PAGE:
Abstract: ABSTRACT: The Second Council of Ephesus held in 449 was dubbed ?conciliabulum? or ?latrocinium?, a designation used by Pope Leo I, due to the violent attack suffered by some of the bishops who participated. For this reason, the Acts of the Council were explicitly repudiated only two years later by the Council of Chalcedon. It is, however, paradoxical that the preceding council held in Ephesus in 431 was witness to even more violence but this is not recognized by the Church, which simply identifies it as the Third Ecumenical Council. The aim of this paper is to study the different forms of violence taking place in both councils, in order to identify both main protagonists and victims, and to explain the motivations that may have determined the acknowledgment of one as ecumenical but not the other. Special attention will be paid to the context of the power struggles between the sees of the Church of the East (Alexandria, Constantinople, Antioch, Jerusalem and Rome) during the first half of the fifth century.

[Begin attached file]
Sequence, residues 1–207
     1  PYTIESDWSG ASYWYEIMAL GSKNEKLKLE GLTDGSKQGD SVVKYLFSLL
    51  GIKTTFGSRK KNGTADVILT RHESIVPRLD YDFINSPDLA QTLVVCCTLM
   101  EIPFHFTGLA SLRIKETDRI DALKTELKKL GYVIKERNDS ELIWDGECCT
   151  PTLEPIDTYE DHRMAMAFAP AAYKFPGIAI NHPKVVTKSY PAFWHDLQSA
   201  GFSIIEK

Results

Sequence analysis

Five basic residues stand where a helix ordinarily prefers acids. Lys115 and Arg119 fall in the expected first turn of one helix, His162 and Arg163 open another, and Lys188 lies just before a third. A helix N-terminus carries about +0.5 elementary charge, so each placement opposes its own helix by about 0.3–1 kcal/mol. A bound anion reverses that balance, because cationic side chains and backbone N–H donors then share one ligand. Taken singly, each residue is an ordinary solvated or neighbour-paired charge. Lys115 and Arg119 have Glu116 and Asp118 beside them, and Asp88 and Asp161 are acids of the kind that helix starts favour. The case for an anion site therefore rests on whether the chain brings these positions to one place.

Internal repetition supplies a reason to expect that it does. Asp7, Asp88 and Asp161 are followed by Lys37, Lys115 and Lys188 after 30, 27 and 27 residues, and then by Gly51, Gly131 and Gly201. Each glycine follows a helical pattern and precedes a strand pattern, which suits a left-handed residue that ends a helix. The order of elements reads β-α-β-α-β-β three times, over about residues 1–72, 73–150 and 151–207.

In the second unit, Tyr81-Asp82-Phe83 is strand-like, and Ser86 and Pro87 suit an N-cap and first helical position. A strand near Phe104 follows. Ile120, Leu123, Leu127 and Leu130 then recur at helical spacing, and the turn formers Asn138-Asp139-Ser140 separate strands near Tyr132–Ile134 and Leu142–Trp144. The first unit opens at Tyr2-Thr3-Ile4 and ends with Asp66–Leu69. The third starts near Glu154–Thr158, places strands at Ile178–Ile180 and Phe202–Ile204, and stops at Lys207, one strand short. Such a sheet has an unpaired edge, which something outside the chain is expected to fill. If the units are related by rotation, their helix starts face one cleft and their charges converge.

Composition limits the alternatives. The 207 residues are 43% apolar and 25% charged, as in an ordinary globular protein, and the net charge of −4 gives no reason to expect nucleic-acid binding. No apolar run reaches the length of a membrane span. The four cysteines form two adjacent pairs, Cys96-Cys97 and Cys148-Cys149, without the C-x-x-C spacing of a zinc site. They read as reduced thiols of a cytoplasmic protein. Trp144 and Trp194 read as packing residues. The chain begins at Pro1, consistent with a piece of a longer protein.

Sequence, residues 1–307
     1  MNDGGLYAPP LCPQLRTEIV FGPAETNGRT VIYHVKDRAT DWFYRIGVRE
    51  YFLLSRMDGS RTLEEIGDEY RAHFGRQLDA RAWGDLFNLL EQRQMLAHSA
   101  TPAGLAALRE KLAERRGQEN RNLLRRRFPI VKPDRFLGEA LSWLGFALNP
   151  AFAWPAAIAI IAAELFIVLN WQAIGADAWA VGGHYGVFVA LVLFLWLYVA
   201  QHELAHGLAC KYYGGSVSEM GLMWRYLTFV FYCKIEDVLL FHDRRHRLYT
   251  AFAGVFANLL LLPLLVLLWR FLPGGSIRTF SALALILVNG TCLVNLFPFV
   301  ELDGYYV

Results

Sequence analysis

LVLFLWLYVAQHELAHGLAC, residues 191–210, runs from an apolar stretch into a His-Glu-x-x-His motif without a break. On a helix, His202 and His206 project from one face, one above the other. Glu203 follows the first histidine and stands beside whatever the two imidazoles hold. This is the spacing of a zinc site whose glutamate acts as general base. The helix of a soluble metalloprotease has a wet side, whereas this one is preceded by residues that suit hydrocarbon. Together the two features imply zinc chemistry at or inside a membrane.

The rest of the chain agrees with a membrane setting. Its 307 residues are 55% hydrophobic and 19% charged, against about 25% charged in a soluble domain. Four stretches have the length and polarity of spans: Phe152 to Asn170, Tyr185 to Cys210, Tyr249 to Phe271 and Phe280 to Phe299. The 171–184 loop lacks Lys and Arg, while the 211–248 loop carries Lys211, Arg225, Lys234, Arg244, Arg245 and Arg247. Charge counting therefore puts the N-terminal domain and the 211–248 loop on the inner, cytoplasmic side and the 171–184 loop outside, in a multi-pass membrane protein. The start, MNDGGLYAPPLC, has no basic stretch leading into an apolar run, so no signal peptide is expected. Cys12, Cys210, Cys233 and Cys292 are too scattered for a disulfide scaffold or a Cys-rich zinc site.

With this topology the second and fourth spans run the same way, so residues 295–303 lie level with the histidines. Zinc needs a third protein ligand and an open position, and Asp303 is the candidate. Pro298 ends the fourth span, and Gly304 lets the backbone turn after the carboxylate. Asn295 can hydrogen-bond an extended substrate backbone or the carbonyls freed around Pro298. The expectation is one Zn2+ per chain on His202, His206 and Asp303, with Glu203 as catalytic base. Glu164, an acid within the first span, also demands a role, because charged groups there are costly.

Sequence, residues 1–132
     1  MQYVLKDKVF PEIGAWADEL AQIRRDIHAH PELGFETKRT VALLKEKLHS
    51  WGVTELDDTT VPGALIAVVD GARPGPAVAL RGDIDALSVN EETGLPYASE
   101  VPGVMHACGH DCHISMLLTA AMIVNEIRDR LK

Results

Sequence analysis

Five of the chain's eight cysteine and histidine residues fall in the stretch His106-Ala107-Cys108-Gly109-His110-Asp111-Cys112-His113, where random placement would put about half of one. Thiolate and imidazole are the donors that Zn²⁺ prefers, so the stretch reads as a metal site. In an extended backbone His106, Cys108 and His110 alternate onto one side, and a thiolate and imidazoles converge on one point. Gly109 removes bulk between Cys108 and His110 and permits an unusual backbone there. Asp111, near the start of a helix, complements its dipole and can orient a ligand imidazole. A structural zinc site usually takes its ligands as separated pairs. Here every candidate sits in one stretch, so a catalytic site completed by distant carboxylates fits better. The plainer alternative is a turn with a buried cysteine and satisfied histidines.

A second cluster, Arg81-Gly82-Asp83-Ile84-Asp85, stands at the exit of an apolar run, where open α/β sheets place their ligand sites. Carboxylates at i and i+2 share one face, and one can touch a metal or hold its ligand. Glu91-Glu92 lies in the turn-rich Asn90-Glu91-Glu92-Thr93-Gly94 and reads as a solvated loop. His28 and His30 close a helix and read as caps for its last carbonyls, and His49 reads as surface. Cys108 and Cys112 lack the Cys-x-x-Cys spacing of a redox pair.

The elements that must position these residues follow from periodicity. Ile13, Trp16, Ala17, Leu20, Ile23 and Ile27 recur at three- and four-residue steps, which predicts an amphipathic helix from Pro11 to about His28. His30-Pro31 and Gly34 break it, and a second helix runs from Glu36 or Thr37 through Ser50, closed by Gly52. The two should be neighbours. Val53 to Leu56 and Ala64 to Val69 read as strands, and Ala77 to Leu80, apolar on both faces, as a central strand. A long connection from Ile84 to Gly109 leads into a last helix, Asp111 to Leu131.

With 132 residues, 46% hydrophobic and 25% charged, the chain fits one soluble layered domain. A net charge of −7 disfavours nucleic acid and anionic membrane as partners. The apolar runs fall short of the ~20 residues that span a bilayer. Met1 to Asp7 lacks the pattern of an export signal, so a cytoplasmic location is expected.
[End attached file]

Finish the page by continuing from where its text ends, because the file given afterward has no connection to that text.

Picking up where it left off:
Fuente: eClassica 2: Violência no mundo antigo e medieval, 2016, 219-234
Editorial: Departamento de Estudos Clássicos da Faculdade de Letras de Lisboa
Año de publicación: 2016
Tipo de publicación: Artículo de Revista